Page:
Cover photo for Frank Bartol's Obituary
Frank Bartol Profile Photo
1929 Frank 2015

Frank Bartol

December 15, 1929 — November 21, 2015

Traunik

Frank R. Bartol died at his home in Traunik on November 21, 2015. He had been diagnosed with prostate cancer in late December of 2012, and after undergoing surgery in Ann Arbor, he continued treatment for it until switching to hospice care in May. He was born in Traunik, Michigan, on December 15th, 1929, and except for a couple of semesters when he was in college and the winter of 1949-50, when he worked in an office in Chicago, he spent his entire life in the U. P.

He was a graduate of Eben High School (now Superior Central) in 1946, at age l6, the youngest member of that class. After four years of work on the family poultry farm and in the woods and a sawmill owned by his uncle, he decided that wasn't where his future lay, so he began a college education which eventually included studies at Marquette University, the University of Michigan, the University of Minnesota, Western Michigan University, and NMU, receiving both his B.S. and M.A degrees from the last-named institution. He was, in fact, the first man to get a master's degree from NMU, having been beaten out for "first person to do so" honors by a woman named Anderson.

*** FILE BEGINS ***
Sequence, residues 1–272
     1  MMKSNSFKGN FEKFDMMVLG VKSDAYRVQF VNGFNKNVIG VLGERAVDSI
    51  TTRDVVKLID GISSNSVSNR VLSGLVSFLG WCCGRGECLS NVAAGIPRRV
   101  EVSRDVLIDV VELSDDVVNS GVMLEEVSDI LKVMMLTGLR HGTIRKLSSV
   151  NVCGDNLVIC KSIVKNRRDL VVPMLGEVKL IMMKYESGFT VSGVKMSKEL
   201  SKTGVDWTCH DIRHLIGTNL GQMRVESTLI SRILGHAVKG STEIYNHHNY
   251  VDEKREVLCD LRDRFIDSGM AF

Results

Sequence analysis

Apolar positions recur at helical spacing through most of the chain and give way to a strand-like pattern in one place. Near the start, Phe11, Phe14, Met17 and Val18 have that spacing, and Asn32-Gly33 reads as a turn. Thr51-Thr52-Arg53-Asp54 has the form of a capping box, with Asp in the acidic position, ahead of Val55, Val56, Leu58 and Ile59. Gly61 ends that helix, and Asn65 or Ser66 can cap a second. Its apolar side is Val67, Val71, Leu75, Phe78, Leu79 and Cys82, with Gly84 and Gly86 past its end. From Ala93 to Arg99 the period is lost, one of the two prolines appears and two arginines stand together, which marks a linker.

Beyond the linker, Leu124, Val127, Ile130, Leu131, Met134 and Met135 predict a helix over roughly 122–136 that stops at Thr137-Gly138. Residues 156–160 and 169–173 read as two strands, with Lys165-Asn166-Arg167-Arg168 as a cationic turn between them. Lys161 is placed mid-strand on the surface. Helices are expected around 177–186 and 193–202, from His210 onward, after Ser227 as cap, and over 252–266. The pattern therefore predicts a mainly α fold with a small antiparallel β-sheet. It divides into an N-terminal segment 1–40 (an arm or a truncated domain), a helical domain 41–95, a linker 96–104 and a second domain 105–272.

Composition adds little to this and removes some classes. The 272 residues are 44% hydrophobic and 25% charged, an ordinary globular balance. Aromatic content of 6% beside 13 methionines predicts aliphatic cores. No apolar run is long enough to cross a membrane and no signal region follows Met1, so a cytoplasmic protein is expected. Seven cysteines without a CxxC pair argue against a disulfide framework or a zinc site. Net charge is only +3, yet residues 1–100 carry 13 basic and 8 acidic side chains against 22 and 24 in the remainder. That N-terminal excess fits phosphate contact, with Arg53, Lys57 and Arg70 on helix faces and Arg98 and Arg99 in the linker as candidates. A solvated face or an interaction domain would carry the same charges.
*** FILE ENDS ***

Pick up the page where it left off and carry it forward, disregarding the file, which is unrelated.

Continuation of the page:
He couldn't complain too much about having been beaten out by one Anderson because it was at NMU that he had met another, named Judith, whom he married in 1953. Both pursued teaching careers, with Frank teaching high school English at Trenary, Iron River, and Ishpeming for eleven years before, in 1965, accepting a position at the university he had graduated from. For four years his main responsibility there was to teach future English teachers and to supervise their student teaching experiences. He returned to high school teaching in 1970 to teach English in Gladstone, retiring from there in 1985.

He dedicated the next decade to volunteer work, most notably for the Alger County Historical Society, editing its newsletter, Alger Footprints, for eleven years, serving as its president for two years, doing a winter-time weekly radio program called Alger Footnotes for several years on a Munising radio station, and co-coordinating with Lynn Nebel a major Historical Society project that transformed a vacant elementary school in Munising into the Alger County Heritage Center, the auditorium of which was named for him in recognition of his work. He also wrote chapters in two books published by the society. In 1994 he received the Charles Follo Award for his work in promoting U.P. history, and in 1997 he was cited by then-governor John Engler for his efforts. In 1988 Frank was appointed to the board of AMCAB, serving for five years, the last two as its chairman.

Between 1991 and 1997 he wrote weekly columns, first for the Mining Journal and later also for the Escanaba Daily Press. Three published collections of his essays resulted from his writing during that period. In 2007 he wrote a book entitled Still Sits the Schoolhouse by the Road, a memoir of his grade-school days in a two-room school, which was published by the Alger County Historical Society. And in 2009 the Traunik Slovenian Club published his book about the history of Traunik entitled To This Place They Came: the Traunik Story in Pictures. His last writing project was a novel, A Boy and His Chanticleer, which he had 150 copies of printed, mostly for friends and relatives.